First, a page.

While gaining science skills is important in its own right, at first glance this field can seem quite disparate from acting. But to Jonetta, there are actually a lot of similarities, with both science and acting alike in process.

“I genuinely just love the process of figuring things out. I like challenges,” she said. “It’s the same reason I love acting so much, too, because it’s looking at something and figuring out the problem and solution. How can I get an end result? With coding, it’s starting a project and talking to a client and identifying how we can get from point A to point B. It’s the same thing with acting—you look at a script, you have a character, and then you have to figure out how can I get to the end of the script and create a journey for this part.”

Jonetta enjoyed her time at Southeastern, where she studied with her two best friends from childhood—who are great friends to this day. And while most of her time in college was spent hustling between two jobs, one at PJ’s Coffee and one at La Carreta, and being a fulltime biochemistry student, she noted that when she did have time to go to games and other events “it was always such fun. The school spirit at Southeastern was great.”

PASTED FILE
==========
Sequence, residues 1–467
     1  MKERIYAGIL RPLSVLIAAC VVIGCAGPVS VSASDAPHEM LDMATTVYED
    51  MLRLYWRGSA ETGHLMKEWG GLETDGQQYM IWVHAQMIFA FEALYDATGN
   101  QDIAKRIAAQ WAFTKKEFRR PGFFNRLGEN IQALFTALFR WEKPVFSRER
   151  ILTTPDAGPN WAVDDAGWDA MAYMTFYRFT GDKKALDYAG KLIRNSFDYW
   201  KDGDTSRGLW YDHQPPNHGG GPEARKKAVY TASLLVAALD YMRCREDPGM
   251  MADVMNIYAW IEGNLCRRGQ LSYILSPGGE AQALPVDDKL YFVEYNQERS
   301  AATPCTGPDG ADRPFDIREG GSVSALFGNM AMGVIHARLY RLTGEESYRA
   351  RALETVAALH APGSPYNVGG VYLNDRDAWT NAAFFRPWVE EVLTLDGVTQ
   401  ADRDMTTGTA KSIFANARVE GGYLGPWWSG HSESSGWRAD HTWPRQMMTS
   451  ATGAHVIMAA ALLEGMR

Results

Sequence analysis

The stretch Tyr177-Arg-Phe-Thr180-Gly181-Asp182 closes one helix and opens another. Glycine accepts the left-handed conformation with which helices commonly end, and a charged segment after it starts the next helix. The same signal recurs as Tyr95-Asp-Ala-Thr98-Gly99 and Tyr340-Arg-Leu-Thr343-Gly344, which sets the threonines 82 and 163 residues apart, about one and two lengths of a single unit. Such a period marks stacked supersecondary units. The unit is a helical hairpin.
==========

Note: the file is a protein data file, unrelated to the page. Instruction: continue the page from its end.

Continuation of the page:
Jonetta also loved the quality of instruction at Southeastern, noting how the University had “the best teachers” and giving an anecdote about the calculus class she took. “My calculus teacher didn’t rely on calculators, and the way he explained calculus was next level; I still have those memories with me forever. And I grew to love calculus—which no one loves calculus. But it was because I really understood the why behind the course.”

After three years of acquiring a solid base of science and technology skills, in 2018 Jonetta suddenly woke up one
day with an instinctual pull that it was time for her to make her pivot back to acting. With new professional headshots in hand, she boldly made the trip by herself to California in chase of her dream.

Because of how expensive Los Angeles is, she first lived on military base Camp Pendleton in Oceanside while commuting three hours to the city for acting classes and auditions. But she was soon able to start landing parts, and after only six months, she made the move to Los Angeles.